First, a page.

Chasing Great full movie review - Typical kiwi reserve hampers the impact of the story
Ritchie McCaw I believe is the greatest player to have ever graced the game of rugby Union. From the moment he burst onto the rugby scene in NZ till the RWC in 2015 he dominated the game like few others.
He was lucky no doubt to be in a team that had a winning percentage unrivaled in world sport but even for the All Blacks his record was outstanding. In 148 test matches for the All blacks he only lost 15 times as well as being awarded the prestigious IRB Rugby world player of the year an unprecedented 3 times.
Chasing Great as a documentary is beautifully made and filmed. Technically it is a very impressive achievement. Unfortunately though I didn't enjoy the film as much as i thought I would. Ritchie McCaw and his family are very much atypical rural farming Pakeha (NZers of European descent) family. Stoic, laconic and noticeably unemotional in their demeanour. The typical kiwi bloke uncomplicated and emotionally reserved. These are great characteristics to have when you are playing in the fiery cauldron of Ellis Park but it makes it challenging for films to reveal the interior life of a character if they are not adept at emotional language. There were some good i/vs in the film but unfortunately they weren't Ritchie.It reminded me of his great mates Dan Carters auto biography. It described some huge events but it seemed to lacked real insight on a personal level and a resolve not to delve too deeply or reveal too much emotionally.
In comparison again NZs other rugby legend Jonah Lomu gave incredible interviews because he could speak at a deeper emotional level. Whether that's because of Jonahs personal trials or that its a Polynesian vs pakeha thing I don't know.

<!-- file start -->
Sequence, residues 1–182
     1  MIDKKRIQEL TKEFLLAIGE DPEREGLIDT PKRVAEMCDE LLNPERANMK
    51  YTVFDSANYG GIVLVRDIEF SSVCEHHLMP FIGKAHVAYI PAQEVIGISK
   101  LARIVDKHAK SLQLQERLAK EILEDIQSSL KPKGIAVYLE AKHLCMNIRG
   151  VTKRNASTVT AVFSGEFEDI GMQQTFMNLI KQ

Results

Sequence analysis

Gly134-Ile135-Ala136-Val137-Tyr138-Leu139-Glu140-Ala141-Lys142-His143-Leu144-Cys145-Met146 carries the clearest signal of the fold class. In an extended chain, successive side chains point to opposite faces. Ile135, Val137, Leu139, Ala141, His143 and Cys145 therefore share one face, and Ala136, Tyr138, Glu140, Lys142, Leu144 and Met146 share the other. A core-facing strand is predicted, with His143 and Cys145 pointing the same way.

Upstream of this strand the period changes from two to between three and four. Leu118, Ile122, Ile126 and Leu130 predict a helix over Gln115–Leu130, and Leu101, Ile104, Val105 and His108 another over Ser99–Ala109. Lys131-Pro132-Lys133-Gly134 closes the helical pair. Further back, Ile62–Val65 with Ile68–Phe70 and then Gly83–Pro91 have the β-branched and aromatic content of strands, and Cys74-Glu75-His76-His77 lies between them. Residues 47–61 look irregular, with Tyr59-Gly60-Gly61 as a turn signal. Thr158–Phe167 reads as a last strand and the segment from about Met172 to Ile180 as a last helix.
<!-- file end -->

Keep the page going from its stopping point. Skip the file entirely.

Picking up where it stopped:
The film does a retrospective of Mccaws career but this is all seen in reference to MCaws last year as All Black captain as he attempts to captain the All Blacks to being the first side in history to win back to back world cups. Unfortunately the drama of this achievement is undermined somewhat by the lack of access the film makers seemingly had to the All Black environment. As a fan it would of been interesting to see how McCaw operated in that environment but there were little or no sequences with his teams mates or within the rugby environment itself .This would of been invaluable in creating a more rounded view of the man as we had to rely on interviews from himself and others to gain any insight. I
suspect this may of had to do with the film makers intention to not make a film for rugby diehards but for a broader audience. The Rugby Unions consents for access may of also played a significant part.
Ultimately though this meant that it didn't have enough sophisticated rugby narrative for myself as a rugby fan and at the same time due to the emotional reserve of its main character it also lacked a deeper psychological insight that would of appealed to the wider documentary fan.